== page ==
Marquette won convincingly Saturday, but the Golden Eagles went 1-5 against their six nonconference opponents ranked in the top 100 of the RPI this season.
Morry Gash/Morry Gash/AP
MILWAUKEE — With yet another rout of an inferior opponent, Marquette proved yet again that it can take care of business against teams it is supposed to beat.
Marquette’s 71-48 victory over Samford in its nonconference finale Saturday afternoon at the BMO Harris Bradley Center left the Golden Eagles at 8-5 heading into Big East play. Seven of the Golden Eagles’ eight wins have come over teams with an RPI over 215, adding Samford, at 324, to that list Saturday.
The Golden Eagles went 1-5 against their six nonconference opponents ranked in the top 100 of the RPI, leaving them with two distinct portions of the schedule early on.
What has held Marquette back against the better teams on its schedule? Buzz Williams feels it has been a lack of consistency from top to bottom, getting one thing out of a player one day and something entirely different the next.
"At some point, if we’re going to be better, we’re going to have to find some sort of consistency," Williams said. "I don’t mean consistency in numbers. You only find consistency in numbers when you have consistency in effort. You can’t have consistency in effort unless you do it every day. If you do it every day, you will eventually figure out where your watermark is.
"You can’t be consistent unless you work every day. Once you start doing those kind of things, then you can start figuring it out."
Williams said Marquette has wasted too many possessions trying to figure out which players were going to be consistent on that day. It has cost the Golden Eagles against the better teams they’ve played but it’s something that can be made up for in games against inferior opponents. The Golden Eagles have found success in the past by becoming a consistent unit. Sure, Marquette has had some talented players come through its program, but those players bought into the bigger plan and became better because of it. This year’s group has yet to find that. To Williams, part of that is buying in to a team concept. Williams said experienced players need to set an example, young players need to follow and those in the middle need to pull in the right direction rather than the other way. "It’s not consistency in the individuals," Williams said. "Actually I think all of them individually are getting better. But in order to have success in Big East play, we have to collectively improve. The only way we can collectively improve is if we individually improve. The only way we can individually improve is if there is consistency in our work."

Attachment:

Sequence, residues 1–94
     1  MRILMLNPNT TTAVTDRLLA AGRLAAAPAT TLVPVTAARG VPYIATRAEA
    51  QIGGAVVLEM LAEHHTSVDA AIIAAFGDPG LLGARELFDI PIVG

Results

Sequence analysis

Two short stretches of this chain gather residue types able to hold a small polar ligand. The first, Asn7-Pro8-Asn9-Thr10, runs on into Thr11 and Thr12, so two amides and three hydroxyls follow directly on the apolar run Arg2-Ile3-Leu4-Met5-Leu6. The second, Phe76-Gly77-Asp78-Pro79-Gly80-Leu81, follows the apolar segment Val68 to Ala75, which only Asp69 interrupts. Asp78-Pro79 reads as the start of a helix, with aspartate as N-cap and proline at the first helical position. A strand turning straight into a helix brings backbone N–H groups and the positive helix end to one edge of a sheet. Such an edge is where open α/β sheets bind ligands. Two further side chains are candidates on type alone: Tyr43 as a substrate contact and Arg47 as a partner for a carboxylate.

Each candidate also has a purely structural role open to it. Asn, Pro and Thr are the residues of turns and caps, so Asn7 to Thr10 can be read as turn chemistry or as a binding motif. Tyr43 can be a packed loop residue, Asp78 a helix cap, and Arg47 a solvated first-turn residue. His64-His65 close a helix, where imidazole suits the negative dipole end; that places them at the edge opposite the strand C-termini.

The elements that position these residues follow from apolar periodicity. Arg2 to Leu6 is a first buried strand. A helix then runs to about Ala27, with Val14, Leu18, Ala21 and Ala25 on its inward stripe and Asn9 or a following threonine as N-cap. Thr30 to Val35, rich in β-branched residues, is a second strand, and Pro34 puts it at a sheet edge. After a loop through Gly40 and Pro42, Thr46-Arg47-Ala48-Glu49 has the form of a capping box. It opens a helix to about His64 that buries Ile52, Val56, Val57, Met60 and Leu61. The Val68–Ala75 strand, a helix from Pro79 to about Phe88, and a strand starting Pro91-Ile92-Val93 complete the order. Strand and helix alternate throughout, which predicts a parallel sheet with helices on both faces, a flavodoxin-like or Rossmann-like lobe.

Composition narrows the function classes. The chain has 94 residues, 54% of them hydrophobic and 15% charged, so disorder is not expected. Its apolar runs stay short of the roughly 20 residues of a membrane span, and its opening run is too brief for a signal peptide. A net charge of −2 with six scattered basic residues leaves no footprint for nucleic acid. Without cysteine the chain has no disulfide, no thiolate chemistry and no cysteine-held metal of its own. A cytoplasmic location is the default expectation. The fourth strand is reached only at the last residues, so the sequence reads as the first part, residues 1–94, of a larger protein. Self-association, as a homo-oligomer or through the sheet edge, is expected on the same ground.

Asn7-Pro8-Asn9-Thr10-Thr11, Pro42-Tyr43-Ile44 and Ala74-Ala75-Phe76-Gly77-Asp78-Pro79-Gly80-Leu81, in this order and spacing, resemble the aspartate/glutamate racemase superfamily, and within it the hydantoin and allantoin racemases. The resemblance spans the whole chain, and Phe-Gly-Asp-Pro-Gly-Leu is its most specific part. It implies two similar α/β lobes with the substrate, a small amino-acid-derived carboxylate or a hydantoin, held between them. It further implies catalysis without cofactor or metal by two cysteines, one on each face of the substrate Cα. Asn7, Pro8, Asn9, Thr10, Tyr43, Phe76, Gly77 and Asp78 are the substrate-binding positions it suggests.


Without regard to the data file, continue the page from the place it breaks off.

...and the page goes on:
Williams raised the question asking who has been Marquette’s most consistent player this season. Someone answered Davante Gardner, which he didn’t disagree with but raised an interesting point.
"If he’s our most consistent guy and if you study his numbers, they are the worst they have been per minute in his career," Williams said. "That’s not a good sign."
While not trying to justify his team’s five losses, Williams feels a bit more consistency could have completely changed the tone of Marquette’s season at this point.
"Why are we 8-5?" Williams pondered. "We’re 8-5 because there’s no consistency within what we are doing. Should we be 8-5? I don’t know. We’ve played more top 50 games than anybody in the country other than Kansas. Nobody is going to write that, though. What they are going to write is of the games we have played, we’re 1-4.
"It’s important to learn from losing otherwise how can you figure out any consistency to winning? You can’t."
The Golden Eagles are going to need to finish near the top of the Big East in order to extend the school’s NCAA tournament streak. In order to get on a roll in league play, Marquette must figure out what’s caused the lack of consistency.
"I’m not mad, I’m not throwing our guys under the bus," Williams said. "At the end of the day they are going to say I can’t coach, I got that. That’s the shoes that I walk in. I’m not being sarcastic at all about that.
"They are all great kids and I do believe in them. Maybe I function better when people think we’re no good. I don’t know if we’re any good.
"We have to figure out how we can have some consistency. If we don’t, then we are going to be 8-5ish."
Wilson hurt: Marquette senior forward Jamil Wilson played just five minutes Saturday after suffering a left knee injury while being fouled on a dunk with 15:09 left in the first half.
Williams said Wilson was set to undergo an MRI later Saturday night, but is hopeful he’ll be able to play Tuesday night in the Big East opener at Creighton.
"I would say he’s fine," Williams said. "I would say he probably tweaked something. I think he could have played, he wanted to play. Not because of Samford, I think regardless of who our opponent was in the last non-conference game I don’t think I would have played him. It was the conservative approach to make sure nothing structurally is wrong."
To say Marquette needs Wilson would be an understatement. He entered Saturday as the team’s second-leading scorer at 12.5 points per game and will likely be the guy matched up the most with Creighton star Doug McDermott on Tuesday.
The masked man: Todd Mayo doesn’t necessarily like wearing a mask to protect his broken nose, but he understands why he has to.
Mayo wore the mask for a second straight game Saturday, scoring 13 points in 25 minutes off the bench. He revealed he actually suffered the broken nose in Marquette’s tournament in Fullerton but didn’t realize it was broken until he got hit on the face against Ball State on Dec. 17.
"It’s a little bit irritating, but I have to protect my nose," Mayo said. "I tried to get it fixed the day I went to the doctor but it was a late break so they couldn’t really do anything."
Mayo was told he’ll have to wear the mask for three weeks but said he’s hoping to shed it after a week and a half.